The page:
Jordan & Henderson, in the 1995 article ‘Interaction Analysis: Foundations and Practice’ (in The Journal of the Learning Sciences 4(1), pp. 39-103), imply as much, stating that ‘Collaborative viewing is particularly powerful for neutralizing preconceived notions on the part of researchers and discourages the tendency to see in the interaction what one is conditioned to see or even wants to see’. (44)

I really hope that the researchers here will be able to find a couple of hours to engage in this work, as I am sure I would learn an awful lot from partaking in such a collective session. And even though I intend to turn my attention to the outcome, to what this material tells me about the world, another look at the videos could perhaps also provide some answers as to how to understand my method, and how to describe it, as ‘accounts of methods cannot be separated from accounts of findings and that the best way to talk about method is to show instances of the actual work.’ (ibid. 42).

So it all comes together, getting what I came for, but in a different manner than I could worked out myself.

On Tuesday, the Nordes13 conference was dedicated to workshops, taking place at STPLN in Malmö. I had opted for the Experimenting with Design Experiments workshop, focused on ‘understanding of the underpinning mindsets, epistemological assumptions [of design experiments] and their implications as well as possibilities within the context of academic research.’ The workshop format revolved around the discussion of a series of dimensions, suggested by the organizers, related to the overarching concepts of involvement, control and purpose.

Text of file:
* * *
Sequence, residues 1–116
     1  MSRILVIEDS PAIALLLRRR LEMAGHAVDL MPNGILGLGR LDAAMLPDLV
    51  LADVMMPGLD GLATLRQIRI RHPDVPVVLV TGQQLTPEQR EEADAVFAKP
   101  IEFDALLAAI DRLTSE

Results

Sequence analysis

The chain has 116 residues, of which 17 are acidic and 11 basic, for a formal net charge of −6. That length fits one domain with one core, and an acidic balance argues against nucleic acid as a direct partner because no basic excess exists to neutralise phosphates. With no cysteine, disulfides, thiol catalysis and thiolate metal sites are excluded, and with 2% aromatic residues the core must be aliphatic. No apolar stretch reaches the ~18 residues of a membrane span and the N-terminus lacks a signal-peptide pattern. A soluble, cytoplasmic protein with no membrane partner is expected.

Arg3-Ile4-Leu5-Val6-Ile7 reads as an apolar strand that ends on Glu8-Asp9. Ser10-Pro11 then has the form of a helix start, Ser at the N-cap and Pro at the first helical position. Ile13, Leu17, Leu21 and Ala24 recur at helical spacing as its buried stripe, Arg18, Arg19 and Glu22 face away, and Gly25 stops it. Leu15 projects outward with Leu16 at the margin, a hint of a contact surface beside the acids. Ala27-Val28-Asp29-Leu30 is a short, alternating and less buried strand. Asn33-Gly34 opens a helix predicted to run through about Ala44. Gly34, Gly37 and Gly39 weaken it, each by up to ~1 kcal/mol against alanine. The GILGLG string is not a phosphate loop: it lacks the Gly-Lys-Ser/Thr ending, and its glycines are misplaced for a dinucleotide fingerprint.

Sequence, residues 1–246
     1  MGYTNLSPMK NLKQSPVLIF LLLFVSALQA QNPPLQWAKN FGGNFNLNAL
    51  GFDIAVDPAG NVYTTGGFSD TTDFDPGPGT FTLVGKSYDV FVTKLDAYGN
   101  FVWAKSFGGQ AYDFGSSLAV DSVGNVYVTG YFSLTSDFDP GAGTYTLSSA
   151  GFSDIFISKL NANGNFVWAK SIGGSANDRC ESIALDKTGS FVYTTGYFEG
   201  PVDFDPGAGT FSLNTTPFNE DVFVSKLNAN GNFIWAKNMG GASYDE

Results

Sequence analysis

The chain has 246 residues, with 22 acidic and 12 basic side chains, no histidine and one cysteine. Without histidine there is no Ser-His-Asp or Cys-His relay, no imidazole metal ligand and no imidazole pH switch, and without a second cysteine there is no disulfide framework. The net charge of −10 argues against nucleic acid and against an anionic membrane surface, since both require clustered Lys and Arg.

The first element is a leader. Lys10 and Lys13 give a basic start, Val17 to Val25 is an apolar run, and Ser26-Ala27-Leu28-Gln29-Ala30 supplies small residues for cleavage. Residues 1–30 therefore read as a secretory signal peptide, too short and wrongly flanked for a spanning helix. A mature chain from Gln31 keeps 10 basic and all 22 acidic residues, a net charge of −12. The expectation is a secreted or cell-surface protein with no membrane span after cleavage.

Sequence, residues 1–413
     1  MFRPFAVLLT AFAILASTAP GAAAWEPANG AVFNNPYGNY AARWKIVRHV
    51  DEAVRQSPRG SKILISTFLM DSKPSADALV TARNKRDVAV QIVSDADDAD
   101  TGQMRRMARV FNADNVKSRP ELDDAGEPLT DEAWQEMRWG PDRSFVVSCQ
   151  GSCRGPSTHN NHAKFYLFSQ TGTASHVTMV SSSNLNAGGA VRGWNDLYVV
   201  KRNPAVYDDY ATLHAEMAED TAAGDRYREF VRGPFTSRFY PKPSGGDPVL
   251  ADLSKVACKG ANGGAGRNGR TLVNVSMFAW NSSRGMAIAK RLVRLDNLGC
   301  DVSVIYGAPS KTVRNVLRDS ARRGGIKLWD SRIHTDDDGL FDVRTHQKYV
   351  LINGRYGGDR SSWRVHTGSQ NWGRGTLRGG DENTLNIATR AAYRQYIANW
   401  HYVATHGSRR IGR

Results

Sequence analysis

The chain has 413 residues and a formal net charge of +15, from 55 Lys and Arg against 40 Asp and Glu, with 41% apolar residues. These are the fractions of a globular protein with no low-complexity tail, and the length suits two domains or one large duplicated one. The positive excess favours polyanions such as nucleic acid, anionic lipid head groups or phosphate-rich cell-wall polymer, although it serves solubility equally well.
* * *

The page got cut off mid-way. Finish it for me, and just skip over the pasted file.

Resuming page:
Nordes13 worskhop Anna Rylander, Dagny Stuedahl, Ramia Mazé and Timo Rissanen in conversation

Nordes13 worskhop
Anna Rylander, Dagny Stuedahl, Ramia Mazé, Dagmar Steffen and Timo Rissanen in conversation

Although some of the dimensions (e.g. artifact vs experience, lab/studio vs. field) were a little stiff  to work with, they still offered a framework for exchange, and especially the plenary discussion led to some very interesting shared insights. Notions about expertise, and how to understand and work with the expertise of participants was one such topic, another interesting conversation addressed the roles, types and involvement of stakeholders, and the respective problems in having many stakeholders vs. working solo. The suggested dimensions also gave us a chance to reflect on the dimensions that were missing, such as the relation between subjectivity (so strongly present in design research) and objectivity (held up as the ideal in other traditions), and on given vs. emergent evaluation criteria.